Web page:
In the third part, the influence of specific personality traits in therapeutic outcome was investigated. Data from the RCT were employed to identify correlations between self-report outcome measures and Big Five Inventory (BFI) personality traits. K-means cluster analysis revealed four distinct personality clusters containing a specific combination of traits.

In conclusion, these empirical findings highlight the effectiveness of both bimodal therapies showing no different efficacy and underline the significant influence of personality traits in psychotherapeutic treatments.

New insights in connective tissue and growth disorders - Silke Peeters (14/01/2021)


Silke Peeters

  • 14 January 2021
  • Time: 3 PM - 5 PM.
  • Online defence
  • Supervisors: Prof. G. Mortier and prof. W. Van Hul

Abstract

The primary purpose of this thesis was to gain more insights in the genetic architecture and disease mechanisms underlying connective tissue and growth disorders. The first and main project focused on carpal tunnel syndrome (CTS). Although CTS is common and widely recognized, its precise etiology still remains largely unknown. In this project, we were able to delineate a new fibrillino-2-pathy by studying a family in whom CTS occurred in three subsequent generations at an unusually young age. Additional clinical features included brachydactyly and short Achilles tendons. Using exome sequencing, we identified a heterozygous pathogenic variant (p.Phe1670Cys) in the fibrillin-2 (FBN2) gene that co‐segregated with the phenotype in the family. We found evidence that the mutant protein affects normal integrin-mediated cell adhesion in the ECM and observed increased TGF-β signaling, resulting in fibrosis of the carpal tissues with entrapment of the median nerve as a consequence. A variant burden test in a large cohort of sporadic CTS patients revealed a significantly increased frequency of rare (6.7% versus 2.5-3.4%, p<0.001) and high-impact (6.9% versus 2.7%, p<0.001) FBN2 variants in patient alleles compared to controls. These findings strongly suggest a role of FBN2 in the pathogenesis of CTS.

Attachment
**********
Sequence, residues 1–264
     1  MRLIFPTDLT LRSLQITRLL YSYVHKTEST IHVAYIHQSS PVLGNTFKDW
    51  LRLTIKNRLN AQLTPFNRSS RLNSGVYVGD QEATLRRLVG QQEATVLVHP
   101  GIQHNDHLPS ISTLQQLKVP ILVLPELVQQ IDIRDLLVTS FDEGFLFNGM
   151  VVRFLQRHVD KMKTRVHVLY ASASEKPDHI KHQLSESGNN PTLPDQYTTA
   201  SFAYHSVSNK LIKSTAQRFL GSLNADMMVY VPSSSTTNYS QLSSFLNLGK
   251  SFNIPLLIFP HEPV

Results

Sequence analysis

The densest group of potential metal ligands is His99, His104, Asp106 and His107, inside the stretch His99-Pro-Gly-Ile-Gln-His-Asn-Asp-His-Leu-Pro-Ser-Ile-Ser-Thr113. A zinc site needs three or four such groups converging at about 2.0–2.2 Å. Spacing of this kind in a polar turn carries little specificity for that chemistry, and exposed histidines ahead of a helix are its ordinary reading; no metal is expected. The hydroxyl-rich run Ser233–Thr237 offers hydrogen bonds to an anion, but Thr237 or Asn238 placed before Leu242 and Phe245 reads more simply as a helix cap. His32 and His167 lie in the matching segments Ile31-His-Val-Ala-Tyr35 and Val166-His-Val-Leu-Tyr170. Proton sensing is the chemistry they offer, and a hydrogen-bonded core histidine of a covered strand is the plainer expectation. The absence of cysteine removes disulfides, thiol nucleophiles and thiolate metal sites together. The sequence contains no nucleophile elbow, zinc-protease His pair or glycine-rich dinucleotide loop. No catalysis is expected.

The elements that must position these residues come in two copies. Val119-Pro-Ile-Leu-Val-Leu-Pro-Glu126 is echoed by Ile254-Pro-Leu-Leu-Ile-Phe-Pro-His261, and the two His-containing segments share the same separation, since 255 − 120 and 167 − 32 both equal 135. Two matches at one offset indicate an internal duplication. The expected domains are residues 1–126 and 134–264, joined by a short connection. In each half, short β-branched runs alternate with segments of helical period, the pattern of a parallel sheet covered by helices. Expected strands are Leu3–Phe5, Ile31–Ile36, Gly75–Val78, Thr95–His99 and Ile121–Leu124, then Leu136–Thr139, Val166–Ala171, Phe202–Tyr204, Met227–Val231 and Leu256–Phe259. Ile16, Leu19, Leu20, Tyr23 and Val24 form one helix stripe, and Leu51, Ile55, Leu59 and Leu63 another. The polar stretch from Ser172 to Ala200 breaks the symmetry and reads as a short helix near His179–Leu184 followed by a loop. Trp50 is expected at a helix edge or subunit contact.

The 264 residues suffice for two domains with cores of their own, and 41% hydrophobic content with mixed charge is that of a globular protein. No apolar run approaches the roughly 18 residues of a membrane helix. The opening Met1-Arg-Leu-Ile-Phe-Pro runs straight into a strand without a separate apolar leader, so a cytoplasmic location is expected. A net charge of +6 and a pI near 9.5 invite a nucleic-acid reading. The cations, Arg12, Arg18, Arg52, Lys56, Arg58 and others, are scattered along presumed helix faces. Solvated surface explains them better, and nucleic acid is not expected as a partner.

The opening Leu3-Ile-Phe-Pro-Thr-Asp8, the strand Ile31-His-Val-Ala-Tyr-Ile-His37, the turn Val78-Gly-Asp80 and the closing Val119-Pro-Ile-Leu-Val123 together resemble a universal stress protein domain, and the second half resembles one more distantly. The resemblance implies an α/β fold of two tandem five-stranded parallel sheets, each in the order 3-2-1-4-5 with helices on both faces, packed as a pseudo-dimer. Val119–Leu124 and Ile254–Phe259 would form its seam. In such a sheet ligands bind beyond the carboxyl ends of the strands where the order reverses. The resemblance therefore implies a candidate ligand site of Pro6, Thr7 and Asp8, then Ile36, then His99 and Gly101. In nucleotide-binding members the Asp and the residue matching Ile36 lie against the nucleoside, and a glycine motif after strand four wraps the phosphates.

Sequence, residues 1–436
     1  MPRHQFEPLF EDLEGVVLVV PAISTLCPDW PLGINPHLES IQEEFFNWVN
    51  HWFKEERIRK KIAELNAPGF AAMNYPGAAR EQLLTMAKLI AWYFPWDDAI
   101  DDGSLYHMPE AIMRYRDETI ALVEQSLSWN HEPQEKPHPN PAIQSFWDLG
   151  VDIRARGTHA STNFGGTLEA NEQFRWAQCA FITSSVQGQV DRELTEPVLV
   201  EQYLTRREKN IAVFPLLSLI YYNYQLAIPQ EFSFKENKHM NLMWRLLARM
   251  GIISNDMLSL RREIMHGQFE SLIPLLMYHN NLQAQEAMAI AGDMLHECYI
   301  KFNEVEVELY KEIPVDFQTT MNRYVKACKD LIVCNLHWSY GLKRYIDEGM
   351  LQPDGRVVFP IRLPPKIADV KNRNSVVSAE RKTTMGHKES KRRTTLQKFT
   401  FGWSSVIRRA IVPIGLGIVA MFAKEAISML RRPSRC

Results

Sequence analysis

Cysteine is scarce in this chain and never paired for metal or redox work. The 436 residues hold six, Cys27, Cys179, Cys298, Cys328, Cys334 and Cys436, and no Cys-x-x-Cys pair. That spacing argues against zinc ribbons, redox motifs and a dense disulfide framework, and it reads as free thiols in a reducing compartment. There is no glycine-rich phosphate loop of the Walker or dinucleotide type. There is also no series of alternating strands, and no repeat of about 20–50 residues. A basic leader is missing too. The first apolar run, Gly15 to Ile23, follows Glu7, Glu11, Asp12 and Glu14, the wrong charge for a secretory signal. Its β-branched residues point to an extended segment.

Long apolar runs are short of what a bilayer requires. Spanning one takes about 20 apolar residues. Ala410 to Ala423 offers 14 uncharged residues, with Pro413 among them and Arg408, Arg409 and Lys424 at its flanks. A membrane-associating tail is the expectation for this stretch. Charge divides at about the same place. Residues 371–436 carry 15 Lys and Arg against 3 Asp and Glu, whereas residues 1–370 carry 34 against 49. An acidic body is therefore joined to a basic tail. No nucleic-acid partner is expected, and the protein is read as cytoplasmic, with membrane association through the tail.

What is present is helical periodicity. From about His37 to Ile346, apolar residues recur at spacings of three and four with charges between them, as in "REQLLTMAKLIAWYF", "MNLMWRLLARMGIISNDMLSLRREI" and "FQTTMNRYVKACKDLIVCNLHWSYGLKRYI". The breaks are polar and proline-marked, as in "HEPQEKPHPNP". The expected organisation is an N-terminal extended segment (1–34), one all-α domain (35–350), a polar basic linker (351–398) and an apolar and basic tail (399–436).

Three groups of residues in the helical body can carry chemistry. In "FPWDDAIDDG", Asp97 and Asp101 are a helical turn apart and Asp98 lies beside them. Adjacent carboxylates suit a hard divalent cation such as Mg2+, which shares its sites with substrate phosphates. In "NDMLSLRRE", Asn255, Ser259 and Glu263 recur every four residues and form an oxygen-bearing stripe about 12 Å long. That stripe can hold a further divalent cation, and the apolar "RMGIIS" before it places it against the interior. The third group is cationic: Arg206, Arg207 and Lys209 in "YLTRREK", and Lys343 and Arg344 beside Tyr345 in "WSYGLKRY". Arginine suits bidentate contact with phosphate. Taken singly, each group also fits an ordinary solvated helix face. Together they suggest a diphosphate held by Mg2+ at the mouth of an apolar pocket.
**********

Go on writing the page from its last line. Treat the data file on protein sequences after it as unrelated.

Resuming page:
The second project of this thesis focused on children born small-for-gestational age (SGA) with persisting growth failure. In a significant proportion of SGA children, the etiology of the growth failure remains unclear after routine diagnostic work-up. In this project, we investigated whether an extensive analysis of the (epi)genome can unravel the (epi)genetic cause of growth failure in a well-defined group of 20 SGA children.

We identified (likely) pathogenic variants in two siblings and two additional probands using exome sequencing. Furthermore,

SNP array analysis in all children and their parents revealed a rare, pathogenic de novo copy number variation (CNV) in two other unrelated probands. In almost all children with a genetic diagnosis, we observed an “above average” response to growth hormone treatment. These results question the relevance of the exclusion of syndromic SGA patients from growth hormone treatment. In a subgroup of 10 children, we performed a genome-wide DNA methylation assay. This analysis revealed multi-locus imprinting disturbances in two additional children. Furthermore, in the child harboring the NSD1-containing microduplication, we identified a novel DNA methylation signature. The conclusion of this second project is that a more advanced approach with deep genotyping can unravel unexpected (epi)genomic alterations in SGA children with persistent growth failure.